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|Wikimedia Commons: Bernadotte, Illinois|
Bernadotte is the location of the only dam on the Spoon River. The dam was erected by U.S. Army Engineers to impound water for Camp Ellis and replaced an earlier mill and mill dam. The dam is still a fishing site for area fishermen.
Bernadotte is named for the French Marshal who later became King of Sweden. The town was first settled in 1826 and was known as Fulton. Bernadotte was a milling site for grist and saw milling.
The two noted landmarks at Bernadotte are the dam, the only dam on Spoon River, and the iron bridge which was constructed in 1915 replacing the old wood covered bridge which had served many years as a crossing over Spoon River and along the Underground Railroad in Illinois.
Bernadotte has the distinction of having once been considered as the site for the capital of Illinois, prior to the capital being located at Vandalia in 1820. Vandalia was selected over Bernadotte by the difference of one vote in the state legislature.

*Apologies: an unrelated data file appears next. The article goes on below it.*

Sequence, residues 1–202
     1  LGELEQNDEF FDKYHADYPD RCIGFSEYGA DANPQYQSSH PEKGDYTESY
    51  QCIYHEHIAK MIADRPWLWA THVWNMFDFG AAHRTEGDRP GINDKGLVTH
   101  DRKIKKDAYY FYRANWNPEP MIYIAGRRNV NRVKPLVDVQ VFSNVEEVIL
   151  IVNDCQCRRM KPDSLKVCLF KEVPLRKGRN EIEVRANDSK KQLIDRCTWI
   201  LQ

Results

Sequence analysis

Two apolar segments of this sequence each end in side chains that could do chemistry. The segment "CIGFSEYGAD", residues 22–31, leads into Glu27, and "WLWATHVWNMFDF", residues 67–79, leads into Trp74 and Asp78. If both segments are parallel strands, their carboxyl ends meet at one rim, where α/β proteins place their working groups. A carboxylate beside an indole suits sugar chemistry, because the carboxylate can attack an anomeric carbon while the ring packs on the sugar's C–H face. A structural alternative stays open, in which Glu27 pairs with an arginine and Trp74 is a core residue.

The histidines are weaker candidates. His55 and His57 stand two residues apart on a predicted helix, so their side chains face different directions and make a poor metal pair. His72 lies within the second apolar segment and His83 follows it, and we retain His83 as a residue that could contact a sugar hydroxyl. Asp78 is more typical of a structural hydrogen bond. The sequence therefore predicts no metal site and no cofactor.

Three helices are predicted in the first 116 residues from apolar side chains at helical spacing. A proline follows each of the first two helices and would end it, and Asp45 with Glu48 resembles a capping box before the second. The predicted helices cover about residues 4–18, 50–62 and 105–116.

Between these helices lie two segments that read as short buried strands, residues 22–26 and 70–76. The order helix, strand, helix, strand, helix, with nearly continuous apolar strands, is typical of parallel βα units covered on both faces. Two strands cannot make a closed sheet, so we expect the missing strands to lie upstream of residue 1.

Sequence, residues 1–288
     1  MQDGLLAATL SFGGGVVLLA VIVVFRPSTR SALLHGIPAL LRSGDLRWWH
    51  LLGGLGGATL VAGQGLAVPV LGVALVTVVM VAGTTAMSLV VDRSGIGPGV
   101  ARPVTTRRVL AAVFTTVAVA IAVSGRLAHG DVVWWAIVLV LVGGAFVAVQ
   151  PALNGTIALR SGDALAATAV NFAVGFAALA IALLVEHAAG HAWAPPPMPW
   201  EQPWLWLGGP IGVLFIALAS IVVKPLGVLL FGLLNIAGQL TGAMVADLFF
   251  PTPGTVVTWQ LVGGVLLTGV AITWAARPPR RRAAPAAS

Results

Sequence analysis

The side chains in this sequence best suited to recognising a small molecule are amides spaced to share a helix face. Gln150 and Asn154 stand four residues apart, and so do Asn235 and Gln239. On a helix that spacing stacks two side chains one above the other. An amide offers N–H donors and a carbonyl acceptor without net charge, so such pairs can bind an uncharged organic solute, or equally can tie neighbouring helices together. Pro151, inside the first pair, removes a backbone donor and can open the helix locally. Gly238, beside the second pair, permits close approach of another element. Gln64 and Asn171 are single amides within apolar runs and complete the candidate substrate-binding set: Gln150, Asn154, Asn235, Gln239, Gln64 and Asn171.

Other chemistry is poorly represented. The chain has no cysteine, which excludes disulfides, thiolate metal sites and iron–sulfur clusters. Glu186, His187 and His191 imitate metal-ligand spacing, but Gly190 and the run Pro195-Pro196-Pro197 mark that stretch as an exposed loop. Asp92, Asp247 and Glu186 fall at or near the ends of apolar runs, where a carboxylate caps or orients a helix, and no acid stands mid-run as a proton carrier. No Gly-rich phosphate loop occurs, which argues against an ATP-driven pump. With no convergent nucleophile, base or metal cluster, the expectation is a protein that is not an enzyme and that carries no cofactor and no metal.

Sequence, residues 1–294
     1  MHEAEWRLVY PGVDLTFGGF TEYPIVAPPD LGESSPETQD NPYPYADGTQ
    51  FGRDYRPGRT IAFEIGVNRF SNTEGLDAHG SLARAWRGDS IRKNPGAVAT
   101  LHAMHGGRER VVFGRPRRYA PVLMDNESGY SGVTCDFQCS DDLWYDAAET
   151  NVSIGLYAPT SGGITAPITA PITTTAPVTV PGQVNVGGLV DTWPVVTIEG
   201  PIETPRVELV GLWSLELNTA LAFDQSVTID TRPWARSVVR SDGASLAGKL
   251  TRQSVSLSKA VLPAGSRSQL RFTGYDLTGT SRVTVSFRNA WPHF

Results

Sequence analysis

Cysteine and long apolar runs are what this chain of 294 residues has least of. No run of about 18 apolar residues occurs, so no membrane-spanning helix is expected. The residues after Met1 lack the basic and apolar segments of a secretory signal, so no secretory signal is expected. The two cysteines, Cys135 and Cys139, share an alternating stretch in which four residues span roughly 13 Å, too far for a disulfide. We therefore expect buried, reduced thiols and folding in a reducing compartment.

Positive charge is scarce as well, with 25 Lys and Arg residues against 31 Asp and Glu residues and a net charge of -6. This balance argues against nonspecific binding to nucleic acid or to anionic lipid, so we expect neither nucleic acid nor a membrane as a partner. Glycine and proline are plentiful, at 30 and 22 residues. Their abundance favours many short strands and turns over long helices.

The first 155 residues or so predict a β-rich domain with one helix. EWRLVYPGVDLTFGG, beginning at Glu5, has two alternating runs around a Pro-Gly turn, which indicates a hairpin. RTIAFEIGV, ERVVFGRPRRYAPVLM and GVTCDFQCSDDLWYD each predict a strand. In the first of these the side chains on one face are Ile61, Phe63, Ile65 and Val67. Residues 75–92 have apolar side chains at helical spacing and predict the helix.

Until the early 1940s, Bernadotte had a population of about four hundred people when it was razed, with the exception of one building, to become part of the Camp Ellis prisoner of war and training camp during World War II. The population of Bernadotte is well under one hundred persons and was not recorded on the 2000 U.S. Census.
The Bernadotte Bridge is one of the few iron bridges still standing in Illinois. The bridge was built and placed into service in 1910 replacing a covered bridge that once crossed the Spoon River at Bernadotte. The iron bridge at Bernadotte has been closed to vehicular traffic for a number of years, but still remains a major attraction for residents and visitors to Spoon River country.